Gordon Tullock: a great economist with no degree in economics

It is sad to report the death of Gordon Tullock. He was a friend, likeable and respected as a great economist – even though he had no degree in economics.

He came, rather, from a public administration background, which was why he was the perfect partner to co-author The Calculus of Consent (1962) with James M Buchanan. The book was a counterblast to the ‘welfare economics’ of the day, which saw market failure and prescribed cost-benefit analysis and government intervention. But the book showed, comprehensively and clinically, how there was  government failure too. Politicians and officials are not angels, and their decisions are motivated by their own vested interests. Elections too are not a measure of ‘the public interest’ but a contest between competing and conflicting interests, which no amount of cost benefit analysis can resolve.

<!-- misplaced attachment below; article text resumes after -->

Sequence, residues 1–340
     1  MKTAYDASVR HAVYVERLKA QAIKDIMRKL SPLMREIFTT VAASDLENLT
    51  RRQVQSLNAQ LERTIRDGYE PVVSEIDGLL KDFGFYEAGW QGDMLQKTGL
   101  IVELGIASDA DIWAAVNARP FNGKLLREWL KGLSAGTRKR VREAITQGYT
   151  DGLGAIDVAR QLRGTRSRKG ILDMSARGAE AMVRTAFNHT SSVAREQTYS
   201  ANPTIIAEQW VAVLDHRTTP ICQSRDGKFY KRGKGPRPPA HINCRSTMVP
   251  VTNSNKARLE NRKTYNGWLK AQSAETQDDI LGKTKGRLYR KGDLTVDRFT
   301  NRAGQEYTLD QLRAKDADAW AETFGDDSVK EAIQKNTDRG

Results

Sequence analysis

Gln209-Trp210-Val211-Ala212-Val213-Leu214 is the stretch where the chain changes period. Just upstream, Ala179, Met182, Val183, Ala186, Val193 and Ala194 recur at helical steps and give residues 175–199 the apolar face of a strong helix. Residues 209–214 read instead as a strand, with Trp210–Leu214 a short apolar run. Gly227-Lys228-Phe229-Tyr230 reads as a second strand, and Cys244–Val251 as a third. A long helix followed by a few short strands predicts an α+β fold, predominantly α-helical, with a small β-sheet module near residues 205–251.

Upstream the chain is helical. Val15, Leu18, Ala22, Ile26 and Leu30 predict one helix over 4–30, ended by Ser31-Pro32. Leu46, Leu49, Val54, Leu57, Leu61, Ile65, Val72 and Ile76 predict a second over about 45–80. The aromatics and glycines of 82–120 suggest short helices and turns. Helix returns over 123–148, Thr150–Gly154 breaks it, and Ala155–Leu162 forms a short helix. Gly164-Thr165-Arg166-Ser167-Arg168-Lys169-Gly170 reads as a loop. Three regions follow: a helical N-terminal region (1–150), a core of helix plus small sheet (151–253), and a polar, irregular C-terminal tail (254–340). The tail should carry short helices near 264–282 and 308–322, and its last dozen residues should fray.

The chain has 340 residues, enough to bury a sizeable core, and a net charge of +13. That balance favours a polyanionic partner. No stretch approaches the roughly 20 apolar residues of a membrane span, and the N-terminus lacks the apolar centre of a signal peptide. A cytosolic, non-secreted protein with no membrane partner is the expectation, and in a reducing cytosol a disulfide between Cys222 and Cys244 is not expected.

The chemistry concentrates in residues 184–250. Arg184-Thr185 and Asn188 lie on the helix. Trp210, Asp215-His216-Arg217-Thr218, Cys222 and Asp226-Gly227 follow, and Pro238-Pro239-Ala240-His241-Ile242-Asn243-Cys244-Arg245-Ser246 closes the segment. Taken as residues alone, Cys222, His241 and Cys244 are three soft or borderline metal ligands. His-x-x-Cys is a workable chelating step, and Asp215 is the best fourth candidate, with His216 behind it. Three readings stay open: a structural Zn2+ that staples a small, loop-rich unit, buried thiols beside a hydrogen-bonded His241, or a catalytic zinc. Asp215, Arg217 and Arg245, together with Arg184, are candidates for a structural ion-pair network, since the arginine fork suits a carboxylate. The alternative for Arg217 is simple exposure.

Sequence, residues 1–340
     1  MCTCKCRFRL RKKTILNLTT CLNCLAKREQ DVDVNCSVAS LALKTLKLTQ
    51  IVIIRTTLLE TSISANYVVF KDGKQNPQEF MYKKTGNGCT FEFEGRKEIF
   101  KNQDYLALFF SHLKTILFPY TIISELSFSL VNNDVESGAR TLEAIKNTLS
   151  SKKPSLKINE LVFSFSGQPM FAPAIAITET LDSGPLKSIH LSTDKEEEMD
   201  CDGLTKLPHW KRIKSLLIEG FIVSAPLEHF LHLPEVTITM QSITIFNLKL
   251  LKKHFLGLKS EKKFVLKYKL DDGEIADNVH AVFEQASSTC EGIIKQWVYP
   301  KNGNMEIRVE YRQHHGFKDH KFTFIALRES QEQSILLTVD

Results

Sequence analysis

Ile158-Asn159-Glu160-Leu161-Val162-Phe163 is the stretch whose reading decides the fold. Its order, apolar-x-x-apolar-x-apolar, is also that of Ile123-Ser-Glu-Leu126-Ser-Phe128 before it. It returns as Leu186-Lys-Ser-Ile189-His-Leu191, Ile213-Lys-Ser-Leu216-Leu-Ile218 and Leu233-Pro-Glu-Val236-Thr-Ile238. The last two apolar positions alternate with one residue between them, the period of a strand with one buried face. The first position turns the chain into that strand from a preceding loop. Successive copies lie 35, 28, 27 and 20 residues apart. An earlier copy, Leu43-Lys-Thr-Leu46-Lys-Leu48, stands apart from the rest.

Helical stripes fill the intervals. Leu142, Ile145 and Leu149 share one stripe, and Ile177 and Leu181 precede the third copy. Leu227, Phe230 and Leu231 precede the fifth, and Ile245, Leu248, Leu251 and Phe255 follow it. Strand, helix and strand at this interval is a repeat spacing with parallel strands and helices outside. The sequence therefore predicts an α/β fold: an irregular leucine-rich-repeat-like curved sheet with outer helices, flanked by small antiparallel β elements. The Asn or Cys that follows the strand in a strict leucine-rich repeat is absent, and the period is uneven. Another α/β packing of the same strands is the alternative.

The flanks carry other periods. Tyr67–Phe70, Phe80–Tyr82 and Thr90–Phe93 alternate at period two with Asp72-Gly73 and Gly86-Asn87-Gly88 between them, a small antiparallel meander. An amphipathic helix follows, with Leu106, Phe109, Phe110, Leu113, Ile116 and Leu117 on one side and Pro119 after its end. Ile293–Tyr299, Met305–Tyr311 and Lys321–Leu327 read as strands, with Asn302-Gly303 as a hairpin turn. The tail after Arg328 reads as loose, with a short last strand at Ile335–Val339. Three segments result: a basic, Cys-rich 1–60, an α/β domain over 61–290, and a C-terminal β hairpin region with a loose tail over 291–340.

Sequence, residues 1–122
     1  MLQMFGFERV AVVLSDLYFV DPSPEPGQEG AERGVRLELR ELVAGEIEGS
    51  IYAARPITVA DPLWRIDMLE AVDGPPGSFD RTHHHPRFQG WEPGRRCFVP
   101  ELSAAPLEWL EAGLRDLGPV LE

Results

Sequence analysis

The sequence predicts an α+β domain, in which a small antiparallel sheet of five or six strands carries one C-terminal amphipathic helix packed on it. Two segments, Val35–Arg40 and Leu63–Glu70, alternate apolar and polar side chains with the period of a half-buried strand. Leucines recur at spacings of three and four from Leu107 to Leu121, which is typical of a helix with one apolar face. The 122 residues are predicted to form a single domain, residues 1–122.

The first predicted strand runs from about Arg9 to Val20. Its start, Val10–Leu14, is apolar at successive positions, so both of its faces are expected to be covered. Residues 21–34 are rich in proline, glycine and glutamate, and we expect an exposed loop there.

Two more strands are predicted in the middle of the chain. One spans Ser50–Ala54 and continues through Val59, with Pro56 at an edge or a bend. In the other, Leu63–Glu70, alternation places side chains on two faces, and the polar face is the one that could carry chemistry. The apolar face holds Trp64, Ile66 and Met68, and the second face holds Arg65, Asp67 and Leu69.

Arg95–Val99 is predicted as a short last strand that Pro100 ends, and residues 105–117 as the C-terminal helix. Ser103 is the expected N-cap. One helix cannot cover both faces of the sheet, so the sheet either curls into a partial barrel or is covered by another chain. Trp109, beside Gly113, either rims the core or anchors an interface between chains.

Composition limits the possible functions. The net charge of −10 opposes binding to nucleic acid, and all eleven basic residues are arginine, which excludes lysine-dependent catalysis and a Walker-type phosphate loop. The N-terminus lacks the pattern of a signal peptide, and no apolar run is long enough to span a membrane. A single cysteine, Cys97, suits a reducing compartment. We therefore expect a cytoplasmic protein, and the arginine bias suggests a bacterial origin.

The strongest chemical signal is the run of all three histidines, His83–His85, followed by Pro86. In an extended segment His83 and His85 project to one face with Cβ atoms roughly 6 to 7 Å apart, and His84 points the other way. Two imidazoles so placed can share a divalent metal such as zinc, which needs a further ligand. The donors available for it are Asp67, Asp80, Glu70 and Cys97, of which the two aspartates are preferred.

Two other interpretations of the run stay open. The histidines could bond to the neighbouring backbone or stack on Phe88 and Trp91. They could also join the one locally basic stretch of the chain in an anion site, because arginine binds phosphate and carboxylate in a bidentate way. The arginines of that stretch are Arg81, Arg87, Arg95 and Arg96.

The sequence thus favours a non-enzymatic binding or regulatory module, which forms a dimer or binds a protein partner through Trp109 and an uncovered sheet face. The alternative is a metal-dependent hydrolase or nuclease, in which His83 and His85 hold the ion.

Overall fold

The book became the foundation for what was to be an entire branch of economics – or perhaps political science – called Public Choice. The public choice economists, applied the tools of economics – the science of choice – to the democratic decision process. They found that the behaviour of voters, politicians and bureaucrats in the political market place is little different from the behaviour of buyers and sellers in economic markets. They too are self-interested and largely motivated by maximising their own ‘utility’, rather than that of ‘the public’.